Greater transparency in the review of FSE at Manchester university
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This is a response to the proposal announced here: http://www.staffnet.manchester.ac.uk/news/display/?id=18084
I've listed below choice comments on the from the SU Facebook post about this review that will hopefully communicate the position that myself an many others hold.
"1) Please outline these proposed changes in a document, so we can clearly see what is up for debate.
2) One of the reasons that universities in the UK are able to grant such prestigious degrees in three years instead of four is because they allow schools to specialise from year one in their respective subjects. A common framework for cases where degrees share curriculum (i.e. between computer science and maths, physics and maths, etc.) already is in place; trying to integrate further and forcing more common curriculum would only be detrimental to the quality of degree-specific knowledge imparted by each School. (This is the role of A levels or a foundation year.)
3) Tell us why you want to make these changes. Asking for feedback from science & engineering students this close to exams with such a short turnaround time, no formal proposals and no clear motivation is completely unreasonable."
"I agree with the previous comments, here - there seems to be no reason why these changes are happening! You've asked for our opinion but have given us little to no information, we need a full report before we can possibly have an opinion. I have spoken to other students in the school of Physics and we can't see where the problem lies or what it is that needs fixing.
I also agree that a two day turn around just before exam season is not conducive to a good discussion. These seem like massive changes (and so there must have been discussion going on for a long time) and students seem to be have been sidelined entirely."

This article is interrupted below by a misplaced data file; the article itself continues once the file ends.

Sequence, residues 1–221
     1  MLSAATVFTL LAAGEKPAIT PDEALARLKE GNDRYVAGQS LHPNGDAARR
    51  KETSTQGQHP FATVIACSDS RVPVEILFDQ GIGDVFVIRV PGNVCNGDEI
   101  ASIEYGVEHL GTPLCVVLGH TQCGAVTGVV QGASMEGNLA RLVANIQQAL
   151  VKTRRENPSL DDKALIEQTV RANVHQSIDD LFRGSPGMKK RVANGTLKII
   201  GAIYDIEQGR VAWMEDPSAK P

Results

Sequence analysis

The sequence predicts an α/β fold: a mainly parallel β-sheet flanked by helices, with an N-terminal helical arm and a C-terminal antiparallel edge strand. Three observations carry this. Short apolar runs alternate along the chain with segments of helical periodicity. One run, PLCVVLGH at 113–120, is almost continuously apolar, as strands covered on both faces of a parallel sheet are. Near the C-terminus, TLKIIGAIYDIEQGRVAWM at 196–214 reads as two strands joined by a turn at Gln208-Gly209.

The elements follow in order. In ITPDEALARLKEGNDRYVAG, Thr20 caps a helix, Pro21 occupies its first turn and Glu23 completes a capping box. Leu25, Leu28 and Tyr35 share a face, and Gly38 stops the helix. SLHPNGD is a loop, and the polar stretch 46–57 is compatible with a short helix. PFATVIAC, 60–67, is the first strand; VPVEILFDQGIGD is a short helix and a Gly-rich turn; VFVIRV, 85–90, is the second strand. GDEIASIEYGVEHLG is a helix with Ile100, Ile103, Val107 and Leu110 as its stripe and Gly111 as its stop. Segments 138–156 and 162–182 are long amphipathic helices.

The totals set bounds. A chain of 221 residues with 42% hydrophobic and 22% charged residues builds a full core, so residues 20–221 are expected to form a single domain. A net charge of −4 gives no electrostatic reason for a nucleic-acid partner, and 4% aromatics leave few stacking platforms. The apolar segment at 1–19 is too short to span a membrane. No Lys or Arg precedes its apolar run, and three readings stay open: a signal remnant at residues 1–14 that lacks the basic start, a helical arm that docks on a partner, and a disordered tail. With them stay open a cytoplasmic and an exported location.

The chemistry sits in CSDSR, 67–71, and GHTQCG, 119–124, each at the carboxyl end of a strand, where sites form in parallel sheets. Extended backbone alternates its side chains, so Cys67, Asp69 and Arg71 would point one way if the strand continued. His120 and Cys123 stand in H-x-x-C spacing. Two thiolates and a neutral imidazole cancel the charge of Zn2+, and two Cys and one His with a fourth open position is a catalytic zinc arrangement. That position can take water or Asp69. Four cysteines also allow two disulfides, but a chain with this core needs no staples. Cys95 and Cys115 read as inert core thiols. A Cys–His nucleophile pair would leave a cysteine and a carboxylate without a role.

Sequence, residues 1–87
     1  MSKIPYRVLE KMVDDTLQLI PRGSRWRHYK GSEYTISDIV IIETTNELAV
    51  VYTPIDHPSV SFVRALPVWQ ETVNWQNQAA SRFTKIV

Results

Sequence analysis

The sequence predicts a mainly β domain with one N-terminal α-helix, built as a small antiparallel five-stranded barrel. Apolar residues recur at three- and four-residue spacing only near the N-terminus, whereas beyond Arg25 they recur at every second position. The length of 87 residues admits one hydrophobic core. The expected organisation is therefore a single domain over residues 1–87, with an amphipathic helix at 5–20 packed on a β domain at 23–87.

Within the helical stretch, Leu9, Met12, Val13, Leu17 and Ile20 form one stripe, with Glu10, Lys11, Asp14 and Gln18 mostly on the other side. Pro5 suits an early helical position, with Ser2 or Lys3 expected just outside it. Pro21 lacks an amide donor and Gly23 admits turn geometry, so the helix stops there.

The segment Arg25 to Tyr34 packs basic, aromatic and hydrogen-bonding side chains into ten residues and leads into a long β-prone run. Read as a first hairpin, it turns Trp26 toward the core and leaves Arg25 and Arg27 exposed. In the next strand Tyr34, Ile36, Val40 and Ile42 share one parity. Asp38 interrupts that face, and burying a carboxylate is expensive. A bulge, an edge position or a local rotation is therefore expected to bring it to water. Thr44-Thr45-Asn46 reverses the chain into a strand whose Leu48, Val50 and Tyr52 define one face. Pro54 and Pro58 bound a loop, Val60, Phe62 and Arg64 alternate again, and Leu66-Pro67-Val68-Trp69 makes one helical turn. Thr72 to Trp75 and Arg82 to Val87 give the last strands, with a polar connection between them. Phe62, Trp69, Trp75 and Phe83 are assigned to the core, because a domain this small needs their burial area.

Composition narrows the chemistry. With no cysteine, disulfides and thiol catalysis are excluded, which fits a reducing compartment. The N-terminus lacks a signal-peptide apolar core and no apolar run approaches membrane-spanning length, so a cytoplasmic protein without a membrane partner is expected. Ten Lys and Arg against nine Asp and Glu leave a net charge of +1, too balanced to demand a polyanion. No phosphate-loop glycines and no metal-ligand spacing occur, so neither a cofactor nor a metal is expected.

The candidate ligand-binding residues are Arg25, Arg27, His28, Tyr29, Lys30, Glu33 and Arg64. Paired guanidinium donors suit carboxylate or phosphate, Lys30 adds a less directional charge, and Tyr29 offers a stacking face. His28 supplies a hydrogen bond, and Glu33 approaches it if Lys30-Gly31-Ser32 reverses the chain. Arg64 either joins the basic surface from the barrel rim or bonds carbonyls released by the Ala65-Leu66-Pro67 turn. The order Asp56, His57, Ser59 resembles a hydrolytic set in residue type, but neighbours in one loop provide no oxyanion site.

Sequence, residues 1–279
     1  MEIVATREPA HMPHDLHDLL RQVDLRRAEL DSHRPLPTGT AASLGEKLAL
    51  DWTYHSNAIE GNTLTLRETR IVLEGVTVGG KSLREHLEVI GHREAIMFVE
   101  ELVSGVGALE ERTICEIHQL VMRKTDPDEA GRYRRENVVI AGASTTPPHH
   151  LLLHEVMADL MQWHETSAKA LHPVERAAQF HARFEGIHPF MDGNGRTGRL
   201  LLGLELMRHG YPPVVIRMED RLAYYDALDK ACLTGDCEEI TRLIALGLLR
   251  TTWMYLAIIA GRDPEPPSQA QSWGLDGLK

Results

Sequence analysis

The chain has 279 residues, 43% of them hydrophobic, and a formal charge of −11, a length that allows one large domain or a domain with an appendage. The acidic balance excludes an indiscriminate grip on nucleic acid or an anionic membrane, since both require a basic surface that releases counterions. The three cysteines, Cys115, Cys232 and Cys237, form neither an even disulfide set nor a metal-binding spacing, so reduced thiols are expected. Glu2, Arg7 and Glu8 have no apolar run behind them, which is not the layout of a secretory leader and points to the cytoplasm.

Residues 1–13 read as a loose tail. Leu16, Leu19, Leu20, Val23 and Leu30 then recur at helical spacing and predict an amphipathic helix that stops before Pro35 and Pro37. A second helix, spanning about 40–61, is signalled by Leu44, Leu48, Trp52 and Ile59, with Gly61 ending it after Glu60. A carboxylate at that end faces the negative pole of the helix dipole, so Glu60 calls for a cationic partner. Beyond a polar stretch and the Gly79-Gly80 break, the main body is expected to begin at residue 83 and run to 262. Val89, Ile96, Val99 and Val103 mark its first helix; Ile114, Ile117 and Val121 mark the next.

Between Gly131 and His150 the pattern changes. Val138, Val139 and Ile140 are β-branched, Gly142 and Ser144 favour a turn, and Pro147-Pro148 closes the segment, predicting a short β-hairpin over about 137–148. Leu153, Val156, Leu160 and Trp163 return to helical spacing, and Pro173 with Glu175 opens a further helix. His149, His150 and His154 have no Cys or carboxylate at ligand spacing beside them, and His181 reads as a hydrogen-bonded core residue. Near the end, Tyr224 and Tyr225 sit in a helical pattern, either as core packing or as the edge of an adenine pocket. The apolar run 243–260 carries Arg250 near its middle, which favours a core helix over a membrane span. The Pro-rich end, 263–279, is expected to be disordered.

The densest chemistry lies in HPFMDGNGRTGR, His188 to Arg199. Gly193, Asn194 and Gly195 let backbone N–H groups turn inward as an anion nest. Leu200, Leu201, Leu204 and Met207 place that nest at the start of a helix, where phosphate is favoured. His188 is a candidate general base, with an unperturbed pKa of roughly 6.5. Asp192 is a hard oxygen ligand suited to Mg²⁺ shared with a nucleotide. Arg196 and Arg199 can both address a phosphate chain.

"This sounds like a weird and rushed proposal. I agree with what many others have said. I'd like to add that these new school groupings seem forced. Interdisciplinary research occurs between almost all combinations of STEM subjects. To group them in such a way is really quite arbitrary and i think with out any actual benefit to teaching and research. For instance maths and computer science research has large crossovers with engineering and physics. Whilst physics and engineering have further large cross over with earth sciences and biology and chemistry. It's all interlinked. Whereas from a teaching perspective, much of the teaching necessitates very specific and individual syllabuses. To group teaching would probably drive down standards. Therefore keeping it as independent subjects under the FSE umbrella really makes the most sense."
"Why is this being put forward at all? What is the motivation for this? Who is reviewing the faculty? Why is this being put to us in a video, two days before the deadline with no detailed papers attached? What effect will this have on decision making for each school? Why is it the SU telling us this, not the faculty? Are you proposing a vote amongst student reps for this? What is our power in controlling this decision? You've asked us 2 days before - this is not a "consultation" at all."
"I completely agree with the points that have already been made re: the lack of information and frankly ridiculous usage of a Facebook video to ask for feedback from the students who would be affected. As an international student, I chose to come to study in the UK AND Manchester specifically because of the specialisation of undergraduate degrees being offered. I think I speak on behalf of all the students involved when I say I would like to know how far into negotiations this suggestion has gone, and if the faculty of the departments involved have had any input on this matter."
And in response to being given more information about the survey:
"...it seems the relevant information already existed, but was quite conveniently buried until more than a month after the deadline had passed. I notice that the same thing happened, with staff only being given 2 days to submit their views. And it doesn't look like anyone on the Review Group is remotely involved with FSE or has a background in the sciences. At all. This is shameful."
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